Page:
Noreen E. Reist, PhD
Research Interests -- Molecular Dissection of Neurotransmitter Release
A fundamental problem in neurobiology today is understanding how chemical synapses work. Most intercellular communication in the nervous system occurs at chemical synapses and proper functioning of these synapses is required for everything from sensation and movement to learning and memory. During synaptic transmission, vesicles carrying a chemical neurotransmitter must dock at release sites, fuse with the presynaptic membrane upon Ca[2+] influx into the presynaptic terminal, and be recycled back into synaptic vesicles. The research in my laboratory focuses on the molecular and cellular mechanisms involved in these processes. Specifically, we are using molecular, genetic, electrophysiological and ultrastructural techniques to identify and functionally characterize molecules involved in the docking, Ca[2+]-triggered fusion, and subsequent recycling of synaptic vesicles.
Using the genetic system of Drosophila, we can examine the functions of proteins in the living animals by knocking out the protein of interest and testing for deficits. We currently are examining the role of the synaptic vesicle protein, synaptotagmin, which is proposed to be the Ca[2+] sensor that triggers vesicle fusion. Mutants that lack synaptotagmin exhibit severe defects in synaptic transmission and nerve terminal ultrastructure, demonstrating that synaptotagmin is an important regulator of synaptic transmission. However, its specific role within the synaptic vesicle cycle has remained unclear.
Biochemical experiments have shown that synaptotagmin interacts with a number of nerve terminal proteins in vitro also suggesting roles for synaptotagmin in vesicle docking, Ca[2+]-triggered fusion and recycling. Using molecular biology techniques, we have engineered mutations at putatively important sites in the synaptotagmin gene. By expressing the specifically mutated protein in flies that otherwise lack synaptotagmin, we can address the function of individual domains of synaptotagmin in transgenic flies. Since biochemical interactions in vitro do not necessarily reflect physiological interactions in vivo, our genetic dissection of protein function in live animals provides critical information about the mechanisms of synaptic transmission.
Using this approach, we have identified a region within synaptotagmin (the C2B Ca[2+]-binding motif) that is required for Ca[2+]-triggered fusion of synaptic vesicles. Mutations within this domain decrease the apparent Ca[2+] affinity of synaptic transmission without disrupting vesicle recycling or distribution, providing strong support for the hypothesis that synaptotagmin is the Ca[2+] sensor for synaptic transmission. Through studies such as these, we are defining the function of critical components of the synaptic vesicle cycle. Such knowledge is required to understand and treat disease that involve defects in neurotransmitter regulation including mental retardation, depression, schizophrenia, and learning disabilities.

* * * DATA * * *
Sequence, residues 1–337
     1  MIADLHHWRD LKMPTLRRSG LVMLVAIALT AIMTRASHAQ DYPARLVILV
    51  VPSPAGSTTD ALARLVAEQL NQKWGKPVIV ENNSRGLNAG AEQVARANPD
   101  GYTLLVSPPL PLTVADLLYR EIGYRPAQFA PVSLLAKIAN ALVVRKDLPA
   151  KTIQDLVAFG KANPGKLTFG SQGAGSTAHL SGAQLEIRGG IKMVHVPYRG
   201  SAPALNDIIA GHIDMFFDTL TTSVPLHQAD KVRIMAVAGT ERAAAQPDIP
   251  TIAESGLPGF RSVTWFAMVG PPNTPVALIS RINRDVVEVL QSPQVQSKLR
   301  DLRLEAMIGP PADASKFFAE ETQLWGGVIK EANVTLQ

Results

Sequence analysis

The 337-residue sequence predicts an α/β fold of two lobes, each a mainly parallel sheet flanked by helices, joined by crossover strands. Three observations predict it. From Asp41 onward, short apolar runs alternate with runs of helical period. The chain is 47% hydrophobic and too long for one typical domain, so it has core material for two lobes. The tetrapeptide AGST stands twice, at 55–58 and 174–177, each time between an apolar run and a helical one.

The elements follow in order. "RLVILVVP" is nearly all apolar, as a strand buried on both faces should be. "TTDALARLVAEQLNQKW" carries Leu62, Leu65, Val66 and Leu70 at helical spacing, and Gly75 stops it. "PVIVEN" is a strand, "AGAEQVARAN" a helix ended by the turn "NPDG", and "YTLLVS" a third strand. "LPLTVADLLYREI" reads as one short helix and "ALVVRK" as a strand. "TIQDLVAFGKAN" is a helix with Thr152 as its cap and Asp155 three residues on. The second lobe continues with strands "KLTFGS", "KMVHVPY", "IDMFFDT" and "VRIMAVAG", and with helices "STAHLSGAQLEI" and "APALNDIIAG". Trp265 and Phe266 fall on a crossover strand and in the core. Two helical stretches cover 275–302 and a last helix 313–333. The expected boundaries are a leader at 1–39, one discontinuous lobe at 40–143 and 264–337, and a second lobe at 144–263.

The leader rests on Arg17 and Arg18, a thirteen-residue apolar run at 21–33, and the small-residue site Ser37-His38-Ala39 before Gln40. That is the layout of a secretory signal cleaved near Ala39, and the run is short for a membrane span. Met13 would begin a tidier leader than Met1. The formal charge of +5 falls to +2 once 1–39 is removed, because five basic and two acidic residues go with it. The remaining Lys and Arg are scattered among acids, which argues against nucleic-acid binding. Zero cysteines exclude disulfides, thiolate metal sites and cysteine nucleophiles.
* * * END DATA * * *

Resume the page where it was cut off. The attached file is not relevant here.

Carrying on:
Striegel AR, Biela LM, Evans CS, Wang Z, Delehoy J, Sutton RB, Chapman ER, Reist NE. 2012. Calcium binding by synaptotagmin's C2A domain is an essential element of the electrostatic switch that triggers synchronous synaptic transmission. J Neurosci 32:1253-1260. [link]
Paddock BE, Wang Z, Biela LM, Chen K, Getzy MD, Striegel A, Richmond JE, Chapman ER, Featherstone DE, Reist NE, 2011. Membrane penetration by synaptotagmin is required for coupling calcium binding to vesicle fusion in vivo. J Neurosci 31:2248-2257 PMID: 21307261. [link]
Loewen CA, Reist NE. 2008. Synaptotagmin: Transducing Ca2+-binding to vesicle fusion. In: Molecular Mechanisms of Neurotransmitter Release (Wang ZW, ed), pp 107-134. Totowa: Humana Press. [To order this book, visit Amazon.com]
Paddock BE, Striegel A, Hui E, Chapman ER, Reist NE. 2008. Ca2+-dependent, phospholipid-binding residues of synaptotagmin are critical for excitation-secretion coupling. J Neurosci 28:7458-7466. [link]
Tamura T, Hou J, Reist NE, Kidokoro Y. 2007. Nerve-evoked synchronous release and high K+-induced quantal events are regulated separately by Synaptotagmin I at Drosophila neuromuscular junctions. J Neurophysiol 97:540-549. [link]
Loewen CA, Lee SM, Shin YK, Reist NE. 2006. Synaptotagmin's C2B polylysine motif facilitates a Ca[2+]-independent stage of synaptic vesicle priming in vivo. Molec Biol Cell 17:5211-5226. [link]
Loewen CA, Royer SM, Reist NE. 2006. Drosophila synaptotagmin I null mutants show severe alterations in vesicle populations, but calcium-binding motif mutants do not. J Comp Neurol 496:1-12. [link]
Mackler JM, Drummond JA, Loewen CA, Robinson IM, Reist NE. 2002. The C2B Ca[2+]-binding motif of synaptotagmin is required for synaptic transmission in vivo. Nature 418:340-344. [pdf file]
Loewen CA, Mackler JM, Reist NE. 2001. Drosophila synaptotagmin I null mutants survive to early adulthood. Genesis: J Gen Dev 31:30-36. [link]
Mackler JM, Reist NE. 2001. Mutations in the CB domain of synaptotagmin disrupt synaptic transmission at Drosophila neuromuscular junctions. J Comp Neurol 436:4-16. [link]